Aquilegia, commonly known as columbine, is a genus of perennial flowering plants in the Ranunculaceae family. With over 60 species and numerous cultivars, these charming plants are known for their unique, spurred flowers and delicate, fern-like foliage. Native to various regions, including North America, Europe, and Asia, columbines can be found in meadows, woodlands, and higher altitudes.
Flowers: The flowers of Aquilegia plants are the main attraction, exhibiting a wide range of colors such as blue, purple, red, pink, yellow, and white. The distinctive, nodding blooms often have contrasting colors in the petals and spurs, adding a touch of whimsy to any garden. Columbines typically bloom in late spring to early summer, providing a delightful splash of color after spring bulbs have faded.
Culture: Columbine plants are relatively hardy and can thrive in USDA hardiness zones 3-9, depending on the species and cultivar. They prefer well-draining soil with a slightly acidic to neutral pH (6.0-7.0) and grow best in full sun to partial shade. In hotter climates, some afternoon shade is recommended to protect the plants from excessive heat.
Pollinators: These nectar-rich flowers are a magnet for pollinators such as hummingbirds, bees, and butterflies, which are attracted to the tubular shape and vibrant colors. By planting columbines, you can support these beneficial creatures and add life to your garden.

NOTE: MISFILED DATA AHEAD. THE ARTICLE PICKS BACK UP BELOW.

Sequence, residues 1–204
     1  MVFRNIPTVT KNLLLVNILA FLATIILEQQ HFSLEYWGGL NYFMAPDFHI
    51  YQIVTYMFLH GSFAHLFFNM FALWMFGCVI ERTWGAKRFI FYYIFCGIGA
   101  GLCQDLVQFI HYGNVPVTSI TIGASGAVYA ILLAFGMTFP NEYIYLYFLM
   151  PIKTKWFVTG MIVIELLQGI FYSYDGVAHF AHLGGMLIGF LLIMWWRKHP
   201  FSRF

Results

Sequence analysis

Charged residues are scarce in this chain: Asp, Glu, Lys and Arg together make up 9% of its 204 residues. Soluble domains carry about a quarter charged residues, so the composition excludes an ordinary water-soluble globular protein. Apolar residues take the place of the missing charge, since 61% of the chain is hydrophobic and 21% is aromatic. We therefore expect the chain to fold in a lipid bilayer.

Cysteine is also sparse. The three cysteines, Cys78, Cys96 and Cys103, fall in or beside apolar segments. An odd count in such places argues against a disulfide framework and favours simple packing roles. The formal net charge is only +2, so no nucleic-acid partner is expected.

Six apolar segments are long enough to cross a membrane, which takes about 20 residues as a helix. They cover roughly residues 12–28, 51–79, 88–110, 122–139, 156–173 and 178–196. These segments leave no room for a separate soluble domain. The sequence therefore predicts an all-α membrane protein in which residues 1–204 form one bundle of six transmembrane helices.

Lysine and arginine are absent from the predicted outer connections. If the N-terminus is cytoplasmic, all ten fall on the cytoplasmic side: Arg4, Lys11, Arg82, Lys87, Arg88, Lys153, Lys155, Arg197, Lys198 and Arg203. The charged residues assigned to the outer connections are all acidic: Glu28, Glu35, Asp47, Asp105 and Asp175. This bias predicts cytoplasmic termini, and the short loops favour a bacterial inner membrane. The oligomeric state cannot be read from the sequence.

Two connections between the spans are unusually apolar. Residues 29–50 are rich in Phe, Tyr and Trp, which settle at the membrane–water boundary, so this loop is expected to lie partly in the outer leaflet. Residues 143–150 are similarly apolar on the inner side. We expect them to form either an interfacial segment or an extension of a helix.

Landscape uses: Aquilegia are versatile plants, suitable for various garden styles and uses. They can be incorporated into cottage gardens, woodland gardens, mixed borders, rock gardens, and even containers. Their graceful appearance, combined with their relatively low-maintenance nature, makes them a popular choice among gardeners.
Deer/rabbit: One of the advantages of growing columbines is their resistance to deer and rabbits. Although not entirely immune to browsing, these plants are less likely to be targeted by these animals, especially when other preferred food sources are available.